Email from President Jackson to Carl Liang 14 Mar 2002: Sister Jackson and I are both retired now but still spending a
lot of time in Asia, mostly Mongolia. doing humanitarian projects. We have 23 grandchildren, all living in Utah. Nothing thrills us more than hearing from missionaries we served with in Taiwan. I currently serve in a branch presidency in the Missionary Training
翟會長在香港、台灣、蒙古和中國大陸工作多年，結交了無數的朋友。他一生中獲得多項榮譽，包括擔任蒙古的榮譽領事、獲頒蒙古總統頒發的蒙古之友獎（Friend of Mongolia Award）、楊百翰大學榮譽校友獎（Brigham Young University Emeriti Award），以及擔任猶他州藍十字藍盾（Blue Cross-Blue Shield
Malan Robert Jackson, loving husband, father, grandfather, great grandfather, and educator passed Thursday, July 8 in Provo, Utah from health complications.
He was 86 years old.
Malan was born in Richfield, Utah May 20,1935 to Jeremiah Worthern and Thora Taylor Jackson and was the oldest of seven children. As a young boy Malan’s life was filled with adventure. While growing up
in Fremont he loved fishing, hunting, exploring the rock ledges behind his home, arrowhead hunting and spending time with his father and brother Kent. He attended Brigham Young University and received his Bachelor's degree in 1960, Master’s degree from
the University of California, Berkeley in 1962 and received his PhD from Arizona State University in 1970.
From a young age Malan lived a life of service. Taught by loving parents to follow the Savior’s example he was often found helping others
with their needs. At age 19 he was called to serve a mission for The Church of Jesus Christ of Latter-day Saints to the Southern Far East Mission (Japan). During the long ship journey to his mission, Joseph Fielding Smith reassigned Elder Jackson, and seven
other missionaries, to reopen Hong Kong for the proselytizing of The Gospel. During his mission Malan helped begin the process of translating the Book of Mormon into Chinese.
In 1971 at the age of 34 and a year after completing research in
Taiwan for his PhD, Malan was called to be the first Mission President of the newly organized Taiwan mission. He was well known by the local church leaders and loved by the members. His first and most ambitious project was to find all the inactive members
and lead them back to church. He was also tasked with helping to translate the Doctrine and Covenants and the Pearl of Great Price into Chinese.
Most of all, President Jackson was a builder. He built the first mission home, paved the way for Taiwan’s
first temple and acquired property across the island for the building of chapels and stake centers. Malan continued to be close to many of his missionaries throughout his life. One of his missionaries recently shared a favorite thing they loved about President
Jackson was that he had “high expectations but even higher love”. President Jackson’s most sacred duty, as he saw it, was to help build the young missionaries into future leaders; leaders that would lift up those around them and continue
his mission of love, charity and spreading the gospel.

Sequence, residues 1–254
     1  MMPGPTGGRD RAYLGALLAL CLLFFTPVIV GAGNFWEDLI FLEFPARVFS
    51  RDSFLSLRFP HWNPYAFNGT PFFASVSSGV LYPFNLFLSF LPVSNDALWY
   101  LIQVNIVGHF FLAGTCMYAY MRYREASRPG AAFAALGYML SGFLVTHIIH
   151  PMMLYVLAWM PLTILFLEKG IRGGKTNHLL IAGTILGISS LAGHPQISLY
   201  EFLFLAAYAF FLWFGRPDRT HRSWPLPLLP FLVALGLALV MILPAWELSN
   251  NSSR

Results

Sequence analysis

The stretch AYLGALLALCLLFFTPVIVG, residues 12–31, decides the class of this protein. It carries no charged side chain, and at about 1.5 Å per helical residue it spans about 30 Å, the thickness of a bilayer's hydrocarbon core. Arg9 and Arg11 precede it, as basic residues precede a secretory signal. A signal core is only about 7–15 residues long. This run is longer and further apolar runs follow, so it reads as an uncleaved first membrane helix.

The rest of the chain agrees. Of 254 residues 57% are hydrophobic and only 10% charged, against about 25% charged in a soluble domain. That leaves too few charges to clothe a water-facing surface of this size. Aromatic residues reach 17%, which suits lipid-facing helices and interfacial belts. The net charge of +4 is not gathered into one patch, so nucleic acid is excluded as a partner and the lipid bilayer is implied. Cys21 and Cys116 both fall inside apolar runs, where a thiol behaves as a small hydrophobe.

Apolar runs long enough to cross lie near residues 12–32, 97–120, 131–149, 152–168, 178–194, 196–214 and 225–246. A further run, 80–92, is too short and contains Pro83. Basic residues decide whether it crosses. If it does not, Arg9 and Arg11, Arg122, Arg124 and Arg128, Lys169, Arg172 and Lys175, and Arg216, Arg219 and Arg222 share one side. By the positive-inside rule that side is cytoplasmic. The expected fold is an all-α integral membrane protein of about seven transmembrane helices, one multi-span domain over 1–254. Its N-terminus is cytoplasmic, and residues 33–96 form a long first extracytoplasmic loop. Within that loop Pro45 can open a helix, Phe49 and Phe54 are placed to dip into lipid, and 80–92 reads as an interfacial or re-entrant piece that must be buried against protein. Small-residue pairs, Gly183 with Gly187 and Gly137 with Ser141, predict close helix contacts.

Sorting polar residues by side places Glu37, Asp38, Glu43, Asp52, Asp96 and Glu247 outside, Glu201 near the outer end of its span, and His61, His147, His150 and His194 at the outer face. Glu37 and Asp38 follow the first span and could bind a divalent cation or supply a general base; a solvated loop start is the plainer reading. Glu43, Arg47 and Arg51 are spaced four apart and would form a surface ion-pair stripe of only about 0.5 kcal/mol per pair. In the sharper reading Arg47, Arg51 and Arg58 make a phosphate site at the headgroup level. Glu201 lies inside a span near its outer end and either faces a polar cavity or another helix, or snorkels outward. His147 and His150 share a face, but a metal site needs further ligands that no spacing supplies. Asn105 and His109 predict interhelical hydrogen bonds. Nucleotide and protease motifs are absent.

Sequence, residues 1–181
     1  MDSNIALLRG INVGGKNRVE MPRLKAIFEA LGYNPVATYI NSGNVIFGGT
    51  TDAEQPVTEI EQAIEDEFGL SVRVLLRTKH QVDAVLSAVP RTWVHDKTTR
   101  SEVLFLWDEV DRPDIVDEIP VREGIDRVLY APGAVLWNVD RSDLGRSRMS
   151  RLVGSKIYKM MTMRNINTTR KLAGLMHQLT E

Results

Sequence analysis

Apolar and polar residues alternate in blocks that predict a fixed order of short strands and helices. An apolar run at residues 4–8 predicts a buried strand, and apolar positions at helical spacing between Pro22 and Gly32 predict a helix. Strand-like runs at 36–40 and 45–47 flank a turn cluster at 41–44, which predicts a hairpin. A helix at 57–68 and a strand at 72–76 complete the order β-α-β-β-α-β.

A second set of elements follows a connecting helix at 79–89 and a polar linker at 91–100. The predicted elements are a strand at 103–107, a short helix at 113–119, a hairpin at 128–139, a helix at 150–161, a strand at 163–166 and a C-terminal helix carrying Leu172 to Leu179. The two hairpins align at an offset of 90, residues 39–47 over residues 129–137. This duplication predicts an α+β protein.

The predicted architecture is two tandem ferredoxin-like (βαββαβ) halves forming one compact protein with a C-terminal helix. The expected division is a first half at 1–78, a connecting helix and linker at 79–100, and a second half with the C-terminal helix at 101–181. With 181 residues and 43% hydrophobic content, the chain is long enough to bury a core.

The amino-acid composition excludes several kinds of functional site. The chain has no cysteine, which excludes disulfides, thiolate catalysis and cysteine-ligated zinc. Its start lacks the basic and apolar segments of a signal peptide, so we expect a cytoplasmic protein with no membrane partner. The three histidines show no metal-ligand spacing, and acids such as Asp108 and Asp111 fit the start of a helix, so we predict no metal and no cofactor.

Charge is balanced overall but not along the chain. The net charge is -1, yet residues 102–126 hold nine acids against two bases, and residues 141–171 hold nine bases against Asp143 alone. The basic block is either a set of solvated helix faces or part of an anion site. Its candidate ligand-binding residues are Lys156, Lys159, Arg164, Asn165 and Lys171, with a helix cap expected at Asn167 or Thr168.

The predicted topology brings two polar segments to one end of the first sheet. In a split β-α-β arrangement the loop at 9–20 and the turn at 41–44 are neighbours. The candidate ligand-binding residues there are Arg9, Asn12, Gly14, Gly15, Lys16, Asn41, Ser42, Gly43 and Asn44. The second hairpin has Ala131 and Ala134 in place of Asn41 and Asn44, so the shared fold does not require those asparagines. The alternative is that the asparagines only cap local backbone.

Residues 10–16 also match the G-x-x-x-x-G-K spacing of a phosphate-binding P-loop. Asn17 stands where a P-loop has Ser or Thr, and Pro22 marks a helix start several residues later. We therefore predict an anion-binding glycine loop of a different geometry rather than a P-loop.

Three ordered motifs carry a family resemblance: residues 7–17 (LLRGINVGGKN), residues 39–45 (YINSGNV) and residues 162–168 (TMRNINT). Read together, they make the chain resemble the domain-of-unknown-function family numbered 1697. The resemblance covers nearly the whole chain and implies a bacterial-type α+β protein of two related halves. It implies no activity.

Malan continued his life of service through many different church callings. One of his favorite callings was serving for five years at the Missionary Training Center. Working at the MTC reminded
Malan how much he loved working with missionaries and being involved in the development of future young leaders.
Shortly after Malan served at the MTC Malan and Linda were called as missionaries to Mongolia where they loved working with the Mongolian
people. Malan had first started working with the Mongolian people with their higher education programs in 1998. Malan was assigned to contact returned missionaries to get them re-involved with the church and Linda was assigned to establish family history centers
in Mongolia and teach members how to do genealogy research.
He made countless friends during his many years in Hong Kong, Taiwan, Mongolia and China. He received many honors in his life including Honorary Consul for Mongolia, Friend of Mongolia
Award from the President of Mongolia, the Brigham Young University Emeriti Award and served as the Chairman of the Board for Blue Cross-Blue Shield of Utah. Malan loved everyone he met and lovingly served them throughout his entire life.
He is survived
by his wife Linda Lou Gold Jackson and eight children: Deborah Lin and Bruce Mason of Kaysville, Utah; Andrew Kent and Anne Elizabeth Jackson of Springville, Utah; Rebekah Li Jackson Trammell of Springville, Utah; Chen Hai and Liwen Han of Holladay, Utah;
Elizabeth Lan and Lemuel Pedro of Sedona, Arizona; Tamar Ling and Les Allen of Springville, Utah; Joseph Malan and Stephanie Peay Jackson of Salem, Utah; and Joshua William and Catherine Marie Jackson of Orem, Utah. He and his wife have 26 grandchildren and
21 great grandchildren.
He was preceded in death by his father Jeremiah Worthern Jackson, mother Thora Taylor Jackson, sister Ann Avon Jackson and brother Kent Worthern Jackson.
There will be two funerals held. The first funeral will
be Friday, July 16 with a viewing from 2:00 to 3:30 p.m. and the funeral at 4:00 p.m. at the Hobble Creek West Stake Center located at 555 S. Averett Avenue Springville, Utah 84663. The second funeral will be Monday, July 19 with a viewing from 11:00 a.m.
to 12:30 p.m. and the funeral at 1:00 p.m. at the Fremont LDS Chapel located at 24 S. 100 W. Fremont, UT 84747 across from Worthern’s Mercantile. He will be interred at the Fremont Cemetery in Fremont, Utah.
Linda has asked that due to her
health concerns and the current pandemic that everyone please wear a mask while indoors during the viewings and funerals.